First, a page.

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Shell goes to paradise in search of cheap biofuel

One of the survivors in the oil giant’s slimmed-down green drive

Danny Fortson: March 22, 2009

The Hawaiian island of Kona, a volcanic stump with white sand beaches and aquamarine waters in the middle of the Pacific, has long drawn adventurers and paradise-seekers. It was here that Captain James Cook was stabbed by islanders and left to die face down in the surf.

More than two centuries on, new pioneers are stalking its shores. Last week a small company backed by the oil giant Royal Dutch Shell provided the first batch of a locally made oil to the American government for testing as aviation fuel. It has the combustion properties of fuel derived from crude oil but it is made from algae.

The advantages over conventional biofuels are clear – it is not made from crops grown on agricultural land so it cannot be blamed for driving up food prices or using scarce fresh water.

It sounds almost too good to be true. It probably is. The technology to convert algae into usable fuel on a large scale is still at least a decade away, and it is unclear if it will ever be practical on a large scale.

Shell refuses to say how much it has invested in the project. Nonetheless, it has put the full weight of its PR machine behind this and the handful of other renewable technologies it is developing, giving it a nice green sheen even as it deepens its involvement in controversial areas such as the Canadian tar sands.

The company has had to deal with a $100 drop in the price of oil and lower demand for its products, so it is cutting spending and has pulled out of several renewables sectors altogether. Chief executive Jeroen van der Veer confirmed last week that the company will stop investing in hydrogen technologies and wind power – it has pulled out of all its British projects in the past year. Solar has gone the same way. That leaves clean coal technology and “second generation” biofuels such as algae as its primary focus.

The fast-growing algae are native to the seas off Hawaii – cultured in tanks fed with sea-water in a pilot plant run in collaboration with the local firm HR Biopetroleum. If its scientists can perfect the algae-to-oil process, Shell says it will fund an industrial facility of 20,000 hectares, built by Cellana, the Shell-HR Biopetroleum joint venture, on coastal land unsuitable for farming.

A facility of that size could produce 16,000 barrels of oil equivalent a day. At that rate, seven such plants would be needed to generate as much oil as one reasonably productive offshore platform. The good news is that algae can double their mass several times a day using sunlight alone and the supply would never run dry.

On the Kona coast, Cellana has already built some photo-bioreactors – essentially high-tech greenhouses that use natural light and a carbon-dioxide injection system to speed up natural growth rates. The company is testing new strains of the plant to find the most oil-rich and fast-growing varieties. The conversion process is similar to that for other biofuels: the algae are dried and broken down into oil and protein.

The process is still in development. Gordon MacManus, an analyst at the research firm Wood Mackenzie, said that, as a biofuel source, algae hold great potential but the technology is at a “very early stage”. He said that it could be “more than a decade” before it is commercially practical.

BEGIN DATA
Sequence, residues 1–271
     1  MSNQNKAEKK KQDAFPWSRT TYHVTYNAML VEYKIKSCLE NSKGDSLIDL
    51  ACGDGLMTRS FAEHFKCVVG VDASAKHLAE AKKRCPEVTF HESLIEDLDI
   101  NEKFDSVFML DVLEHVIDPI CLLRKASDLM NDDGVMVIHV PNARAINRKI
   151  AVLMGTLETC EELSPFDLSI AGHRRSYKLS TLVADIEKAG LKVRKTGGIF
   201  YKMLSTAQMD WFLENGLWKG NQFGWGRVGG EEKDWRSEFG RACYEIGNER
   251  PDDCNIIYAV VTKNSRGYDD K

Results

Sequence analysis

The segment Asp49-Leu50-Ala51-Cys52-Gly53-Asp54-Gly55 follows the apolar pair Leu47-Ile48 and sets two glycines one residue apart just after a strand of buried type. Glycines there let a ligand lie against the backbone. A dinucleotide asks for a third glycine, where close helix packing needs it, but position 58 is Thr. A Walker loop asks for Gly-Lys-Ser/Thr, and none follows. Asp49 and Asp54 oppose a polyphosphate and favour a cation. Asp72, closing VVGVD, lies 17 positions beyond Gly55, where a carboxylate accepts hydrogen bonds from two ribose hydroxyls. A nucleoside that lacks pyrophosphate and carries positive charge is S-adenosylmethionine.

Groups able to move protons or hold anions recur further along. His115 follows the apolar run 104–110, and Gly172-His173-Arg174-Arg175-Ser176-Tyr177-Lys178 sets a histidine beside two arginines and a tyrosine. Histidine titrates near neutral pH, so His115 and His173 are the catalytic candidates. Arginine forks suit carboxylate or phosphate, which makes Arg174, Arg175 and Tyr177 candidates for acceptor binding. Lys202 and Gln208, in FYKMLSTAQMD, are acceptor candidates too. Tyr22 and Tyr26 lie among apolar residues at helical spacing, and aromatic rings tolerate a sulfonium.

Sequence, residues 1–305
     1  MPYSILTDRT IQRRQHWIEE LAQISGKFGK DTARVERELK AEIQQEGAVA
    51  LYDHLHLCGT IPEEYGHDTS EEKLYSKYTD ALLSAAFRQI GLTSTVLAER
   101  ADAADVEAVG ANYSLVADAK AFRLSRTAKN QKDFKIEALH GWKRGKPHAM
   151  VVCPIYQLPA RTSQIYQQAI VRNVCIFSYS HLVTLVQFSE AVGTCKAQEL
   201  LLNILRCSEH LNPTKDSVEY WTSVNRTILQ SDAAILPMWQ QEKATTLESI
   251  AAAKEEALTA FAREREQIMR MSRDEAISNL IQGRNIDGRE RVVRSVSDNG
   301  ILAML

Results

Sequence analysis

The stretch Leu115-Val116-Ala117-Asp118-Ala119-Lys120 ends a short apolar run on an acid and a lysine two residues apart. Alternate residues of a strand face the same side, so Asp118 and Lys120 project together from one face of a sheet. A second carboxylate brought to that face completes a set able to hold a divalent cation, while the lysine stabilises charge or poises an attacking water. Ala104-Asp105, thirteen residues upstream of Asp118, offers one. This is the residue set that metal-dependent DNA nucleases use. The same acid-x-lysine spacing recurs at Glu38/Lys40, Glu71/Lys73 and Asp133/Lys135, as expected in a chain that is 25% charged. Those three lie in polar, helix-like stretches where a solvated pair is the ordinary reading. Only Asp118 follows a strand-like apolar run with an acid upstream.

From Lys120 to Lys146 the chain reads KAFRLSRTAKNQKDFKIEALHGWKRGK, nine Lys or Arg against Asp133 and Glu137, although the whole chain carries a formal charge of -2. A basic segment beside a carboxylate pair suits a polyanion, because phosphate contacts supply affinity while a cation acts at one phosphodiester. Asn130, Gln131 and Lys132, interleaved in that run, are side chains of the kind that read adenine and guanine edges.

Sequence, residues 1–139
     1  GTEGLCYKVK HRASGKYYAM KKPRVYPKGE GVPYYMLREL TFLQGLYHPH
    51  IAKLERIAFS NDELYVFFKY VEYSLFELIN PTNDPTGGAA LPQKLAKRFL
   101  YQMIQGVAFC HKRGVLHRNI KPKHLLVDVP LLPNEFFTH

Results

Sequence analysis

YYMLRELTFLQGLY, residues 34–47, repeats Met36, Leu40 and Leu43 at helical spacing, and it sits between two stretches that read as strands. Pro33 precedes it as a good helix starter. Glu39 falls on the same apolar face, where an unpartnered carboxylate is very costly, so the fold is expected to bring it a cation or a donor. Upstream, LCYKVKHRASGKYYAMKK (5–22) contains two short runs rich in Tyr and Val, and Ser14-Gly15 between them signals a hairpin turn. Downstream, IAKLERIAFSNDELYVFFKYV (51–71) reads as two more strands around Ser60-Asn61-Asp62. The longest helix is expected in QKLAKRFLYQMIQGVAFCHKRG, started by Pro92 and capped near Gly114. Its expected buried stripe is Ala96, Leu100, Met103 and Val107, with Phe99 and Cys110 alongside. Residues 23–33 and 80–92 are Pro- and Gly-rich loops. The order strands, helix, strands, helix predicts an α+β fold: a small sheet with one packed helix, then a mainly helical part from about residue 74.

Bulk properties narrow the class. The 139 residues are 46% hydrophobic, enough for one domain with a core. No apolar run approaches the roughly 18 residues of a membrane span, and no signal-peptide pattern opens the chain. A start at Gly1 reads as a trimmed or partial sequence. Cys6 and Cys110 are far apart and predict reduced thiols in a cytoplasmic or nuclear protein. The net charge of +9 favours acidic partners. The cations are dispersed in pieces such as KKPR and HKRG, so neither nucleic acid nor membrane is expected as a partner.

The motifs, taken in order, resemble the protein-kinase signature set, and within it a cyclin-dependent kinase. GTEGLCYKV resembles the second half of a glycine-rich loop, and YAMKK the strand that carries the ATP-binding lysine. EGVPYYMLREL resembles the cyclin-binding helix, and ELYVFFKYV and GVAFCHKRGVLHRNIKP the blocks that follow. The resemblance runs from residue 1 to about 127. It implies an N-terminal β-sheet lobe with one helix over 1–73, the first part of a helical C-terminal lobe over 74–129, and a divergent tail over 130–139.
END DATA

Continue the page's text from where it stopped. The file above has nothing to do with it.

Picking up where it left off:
It is one of several “second-generation” biofuels that could one day overtake Shell’s other efforts in making biofuels from crops. It has recently increased its stake in Codexis, an American group that develops enzymes to improve the process of creating ethanol from lignocellulose, the woody part of plants, that another Shell partner Iogen is working on.

Such fuels are many years from making it to the market – if, indeed, they make it at all. And Shell leaves most of the scientific challenges to its partner organisations; it provides the cash and research support. Meanwhile, the company remains one of the world’s biggest providers of often-maligned “first generation” biofuels such as corn-based ethanol.

Just as the first drum of algae-produced oil was flown from Kona to America’s Defense Advanced Research Projects Agency, Shell said that it was abandoning renewables, except for some biofuels.

When the announcement was made last Tuesday, critics accused Shell of a sell-out. But the company said it was responding to a change in the economic climate and the new reality that crude oil is now about $100 a barrel cheaper than a year ago.

Shell was never that green in the first place. It has the largest investment programme of any private enterprise in the world, spending $90 billion (£62 billion) in the past five years on projects ranging from the Gulf of Mexico to Iraq. Over that same period it gave back $68 billion to shareholders through dividends and share buybacks.

By comparison, its investment in alternative energy is tiny, amounting to only $1.7 billion – less than 2% of its total spending over the same five years. That investment programme is about to dwindle further. Van der Veer’s message last week was straightforward: it’s not that renewables don’t make money, it’s that they don’t make enough. “We do not expect [renewables] to grow much from here, due to portfolio fit and the returns outlook compared with other opportunities,” he said.

Far from abandoning renewables, Shell said, it is simply narrowing its focus on the areas where it has the most expertise and can effect the most change.

Environmentalists fear that Shell’s efforts to go green could end up like Captain Cook on the shores of Kona – left to die in the surf.

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